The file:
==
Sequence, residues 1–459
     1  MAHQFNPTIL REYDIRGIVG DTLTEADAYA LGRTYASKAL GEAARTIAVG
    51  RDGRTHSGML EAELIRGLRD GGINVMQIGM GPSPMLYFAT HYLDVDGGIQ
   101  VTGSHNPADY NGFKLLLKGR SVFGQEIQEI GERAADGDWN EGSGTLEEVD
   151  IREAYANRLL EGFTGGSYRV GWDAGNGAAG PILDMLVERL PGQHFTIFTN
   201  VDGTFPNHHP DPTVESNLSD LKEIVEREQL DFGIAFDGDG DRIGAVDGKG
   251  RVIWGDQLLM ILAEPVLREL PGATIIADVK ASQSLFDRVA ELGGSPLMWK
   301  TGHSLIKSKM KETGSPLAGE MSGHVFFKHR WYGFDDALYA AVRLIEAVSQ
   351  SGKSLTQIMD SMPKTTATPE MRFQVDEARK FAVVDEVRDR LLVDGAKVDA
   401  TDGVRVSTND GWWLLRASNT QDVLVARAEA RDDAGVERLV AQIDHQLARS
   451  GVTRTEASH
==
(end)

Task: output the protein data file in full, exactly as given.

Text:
Sequence, residues 1–459
     1  MAHQFNPTIL REYDIRGIVG DTLTEADAYA LGRTYASKAL GEAARTIAVG
    51  RDGRTHSGML EAELIRGLRD GGINVMQIGM GPSPMLYFAT HYLDVDGGIQ
   101  VTGSHNPADY NGFKLLLKGR SVFGQEIQEI GERAADGDWN EGSGTLEEVD
   151  IREAYANRLL EGFTGGSYRV GWDAGNGAAG PILDMLVERL PGQHFTIFTN
   201  VDGTFPNHHP DPTVESNLSD LKEIVEREQL DFGIAFDGDG DRIGAVDGKG
   251  RVIWGDQLLM ILAEPVLREL PGATIIADVK ASQSLFDRVA ELGGSPLMWK
   301  TGHSLIKSKM KETGSPLAGE MSGHVFFKHR WYGFDDALYA AVRLIEAVSQ
   351  SGKSLTQIMD SMPKTTATPE MRFQVDEARK FAVVDEVRDR LLVDGAKVDA
   401  TDGVRVSTND GWWLLRASNT QDVLVARAEA RDDAGVERLV AQIDHQLARS
   451  GVTRTEASH